This week’s video fitness tip features a superset that consists of sledgehammer training combined with the hang clean-front squat and press that’s performed with Apollon’s Axle, a 2-inch thick bar. The thicker bar totally changes the dynamic involved with performing any exercise, and makes this particular exercise extremely challenging.

As I’ve been telling you, sledgehammer training is a great alternative to traditional methods of strength training. This week I’m going to show you how to combine sledgehammer training with a compound, complex movement to create an intense workout that is more efficient and effective than your standard workout.

The sledgehammer training part of this workout speaks for itself, so I’ll spend a little time describing the hang clean-front squat and press. A quick note, some refer to the front squat and press as a “barbell thruster,” but I prefer my more descriptive term. For the purpose of brevity, in the title of my item I used “barbell thrusters” despite the fact that I added the hang clean.

Anyway… The hang-clean-front squat and press is a very challenging complex, one that certainly can be performed as a stand-alone exercise. This move is called a “complex” because it combines two or more compound movements, in this case I’ve combined three. This kind of routine – if performed properly – provides the highest possible level of intensity.

As you can see in the video, the complex starts with a hang clean, and after the bar is in the rack position across the collarbone, I perform a front squat and start the push press during the decent.

Rather than use a regular 7-foot Olympic bar, I chose to use my Apollon’s Axle for this week’s workout. The 2-inch thick bar does more for grip strength and can make any lift more difficult. It’s 7-feet long just like the Olympic bar and weighs in at about 35-pounds – 10 pounds less than it’s fancy Olympic cousin – but is way more difficult to handle, especially when used for any explosive, pulling movement.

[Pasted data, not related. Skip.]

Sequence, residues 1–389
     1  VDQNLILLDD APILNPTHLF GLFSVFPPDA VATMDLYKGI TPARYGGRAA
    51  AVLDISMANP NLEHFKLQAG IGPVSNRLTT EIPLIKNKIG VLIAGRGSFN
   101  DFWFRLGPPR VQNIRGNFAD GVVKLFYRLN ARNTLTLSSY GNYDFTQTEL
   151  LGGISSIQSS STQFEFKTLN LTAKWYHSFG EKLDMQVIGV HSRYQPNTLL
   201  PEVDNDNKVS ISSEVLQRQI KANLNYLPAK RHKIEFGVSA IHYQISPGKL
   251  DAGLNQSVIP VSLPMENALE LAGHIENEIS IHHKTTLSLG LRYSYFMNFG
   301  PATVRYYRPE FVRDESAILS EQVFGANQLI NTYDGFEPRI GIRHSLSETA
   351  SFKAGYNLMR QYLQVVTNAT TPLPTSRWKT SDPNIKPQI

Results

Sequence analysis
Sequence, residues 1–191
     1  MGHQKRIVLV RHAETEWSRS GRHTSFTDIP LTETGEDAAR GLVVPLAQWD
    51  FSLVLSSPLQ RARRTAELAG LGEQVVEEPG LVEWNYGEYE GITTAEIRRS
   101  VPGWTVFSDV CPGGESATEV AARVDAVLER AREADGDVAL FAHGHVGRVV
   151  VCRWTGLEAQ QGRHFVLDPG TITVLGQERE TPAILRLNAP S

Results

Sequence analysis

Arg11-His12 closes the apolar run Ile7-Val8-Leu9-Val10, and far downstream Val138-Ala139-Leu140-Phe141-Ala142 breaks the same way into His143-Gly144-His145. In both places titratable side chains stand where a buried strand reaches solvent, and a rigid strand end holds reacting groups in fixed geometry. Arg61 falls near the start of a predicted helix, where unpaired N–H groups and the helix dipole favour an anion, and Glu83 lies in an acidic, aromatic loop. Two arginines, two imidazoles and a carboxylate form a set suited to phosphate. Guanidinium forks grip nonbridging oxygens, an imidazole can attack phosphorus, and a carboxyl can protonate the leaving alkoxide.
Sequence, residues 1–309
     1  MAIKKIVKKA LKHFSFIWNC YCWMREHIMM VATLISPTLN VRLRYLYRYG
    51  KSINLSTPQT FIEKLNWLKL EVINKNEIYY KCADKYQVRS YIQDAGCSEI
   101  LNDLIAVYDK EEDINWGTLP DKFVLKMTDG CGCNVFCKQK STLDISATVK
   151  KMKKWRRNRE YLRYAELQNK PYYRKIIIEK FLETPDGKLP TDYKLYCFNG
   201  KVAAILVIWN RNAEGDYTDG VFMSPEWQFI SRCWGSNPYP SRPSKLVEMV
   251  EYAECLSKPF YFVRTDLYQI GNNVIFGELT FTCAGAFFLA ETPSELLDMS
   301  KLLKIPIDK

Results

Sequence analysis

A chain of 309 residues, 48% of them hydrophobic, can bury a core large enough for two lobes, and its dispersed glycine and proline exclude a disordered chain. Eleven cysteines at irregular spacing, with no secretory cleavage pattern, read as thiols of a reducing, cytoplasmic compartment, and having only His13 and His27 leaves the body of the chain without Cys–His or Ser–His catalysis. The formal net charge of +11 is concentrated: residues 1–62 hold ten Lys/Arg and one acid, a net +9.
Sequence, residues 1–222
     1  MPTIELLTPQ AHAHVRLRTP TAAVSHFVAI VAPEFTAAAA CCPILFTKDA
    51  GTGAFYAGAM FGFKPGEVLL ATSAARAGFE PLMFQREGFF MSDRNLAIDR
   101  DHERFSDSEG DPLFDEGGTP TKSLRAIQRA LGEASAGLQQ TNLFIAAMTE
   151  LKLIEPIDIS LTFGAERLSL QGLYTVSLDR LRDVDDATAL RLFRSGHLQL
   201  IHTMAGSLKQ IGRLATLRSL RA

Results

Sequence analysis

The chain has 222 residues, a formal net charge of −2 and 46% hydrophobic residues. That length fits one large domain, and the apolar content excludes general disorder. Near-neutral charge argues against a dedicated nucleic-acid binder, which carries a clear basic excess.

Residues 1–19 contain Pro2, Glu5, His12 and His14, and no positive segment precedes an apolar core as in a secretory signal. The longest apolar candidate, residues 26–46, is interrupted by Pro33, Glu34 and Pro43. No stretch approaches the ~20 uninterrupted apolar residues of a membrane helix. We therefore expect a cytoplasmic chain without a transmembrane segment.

This week’s workout is pretty simple. I started with 40 swings with my 10-pound sledge and followed up with 5 repetitions of the complex, took about 20-seconds before I took 20 swings with my 20-pound sledgehammer and another 5 reps of the complex. This took me about 4 minutes.  After the tape stopped rolling, I took 4 minutes off before completed another round of this superset.

In general, I usually rest for a period of time equal to the amount of time it took me to complete the superset. However, if heavier weights/lower repetitions are used I will rest for as much as twice as long. When designing your own workouts use your judgment, but make sure you don’t rush. It is always better to take an extra minute or two of rest if that rest allows you to perform more work.

With this kind of high-intensity routine you will be done working after about 20-25 minutes, including your warm up period.  Give this workout a try and see how high-intensity training can kick your butt in less than half the time that it takes to complete a traditional workout.


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